To understand the sight in process best, hold one thumb up at arms length and the other thumb, half the distance to your eye. Your thumbs represent your sights. Now line them up on a target. If your arrow impacts to the right, you will move both thumbs (sights) in the direction of the arrows impact. Your eye stays comfortably anchored. Because your rear thumb (sight) is closer to your eye the amount of travel towards impact will be less than your forward thumb (sight). Now, if you only move your forward thumb (sight) towards the arrows impact, your eye will be forced in the opposite direction. Your sights must move in unison towards the arrow's impact when making large adjustments. When fine tuning, you may only move one sight to place your eye closer or farther from the string. Remember, you are placing your sights on a straight line from eye to impact while maintaining your comfortable anchor position. Keep your eye anchored and adjust your sights accordingly.

   Our sights work best with front sights that employ round pin housings. Start by choosing one pin on your front sight as a centering pin. Position this sight pin in the center of the pin housing. Now sight this pin in as you normally would without the rear sight installed. If you have a peep sight in your string, leave it in at this point. It will help you with the initial sight in process. It is important to not torque the bow at this point when sighting in. We recommend sighting this pin in at 20 yards. Start close to target. Draw back, get comfortable, take aim, and shoot three arrows. Keeping the pin centered in the pin housing move front sight assembly towards arrows' impact. Repeat until you have moved back to the 20 yard mark. Once the front sight is sighted in at 20 yards, you are ready to install the rear sight ring. At full draw you want to position the rear sight so that the rear sight ring and front pin housing are in alignment and the pin is centered in the rear aperture. To achieve this you may have to draw back numerous times making adjustments to the rear sight as you do so.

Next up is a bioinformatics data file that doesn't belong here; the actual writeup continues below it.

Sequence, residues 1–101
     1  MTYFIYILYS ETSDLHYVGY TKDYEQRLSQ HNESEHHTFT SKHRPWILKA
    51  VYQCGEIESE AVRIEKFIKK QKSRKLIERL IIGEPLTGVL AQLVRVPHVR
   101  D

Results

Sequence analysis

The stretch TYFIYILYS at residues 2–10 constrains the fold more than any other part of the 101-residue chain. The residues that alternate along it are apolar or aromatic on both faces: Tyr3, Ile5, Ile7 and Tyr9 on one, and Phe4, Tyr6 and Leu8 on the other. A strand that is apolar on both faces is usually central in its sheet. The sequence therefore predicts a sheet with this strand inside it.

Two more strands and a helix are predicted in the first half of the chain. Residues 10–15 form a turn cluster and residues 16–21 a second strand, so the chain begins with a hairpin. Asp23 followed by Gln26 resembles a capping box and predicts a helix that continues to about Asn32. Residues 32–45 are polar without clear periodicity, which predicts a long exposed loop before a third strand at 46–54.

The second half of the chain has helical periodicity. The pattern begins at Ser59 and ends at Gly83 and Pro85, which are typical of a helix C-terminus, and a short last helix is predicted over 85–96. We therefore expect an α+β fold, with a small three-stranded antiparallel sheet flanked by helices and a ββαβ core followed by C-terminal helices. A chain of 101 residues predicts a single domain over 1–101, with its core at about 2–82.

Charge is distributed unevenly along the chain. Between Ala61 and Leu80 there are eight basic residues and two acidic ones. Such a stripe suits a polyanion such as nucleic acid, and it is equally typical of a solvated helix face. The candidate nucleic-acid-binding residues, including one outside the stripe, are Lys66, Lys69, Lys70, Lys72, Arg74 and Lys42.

Once you are comfortable and your sights are in alignment you are ready to shoot again. Shoot three arrows. Now this time you have the option to move the front sight, rear sight, or both. The key is to remain in your comfortable anchor position and set your sights accordingly.  Do not chase your sights. There is no forgiveness in this sighting system, that is what makes it so accurate. Once sighted in, you should be able to draw the bow back with eyes closed, get into your comfortable anchor position, open your eyes and be looking through your sights. At this point, if you have to dip your head or torque the riser to line up your sights, you are not quite there yet.

                  Multiple Pins

3Pin Eclipse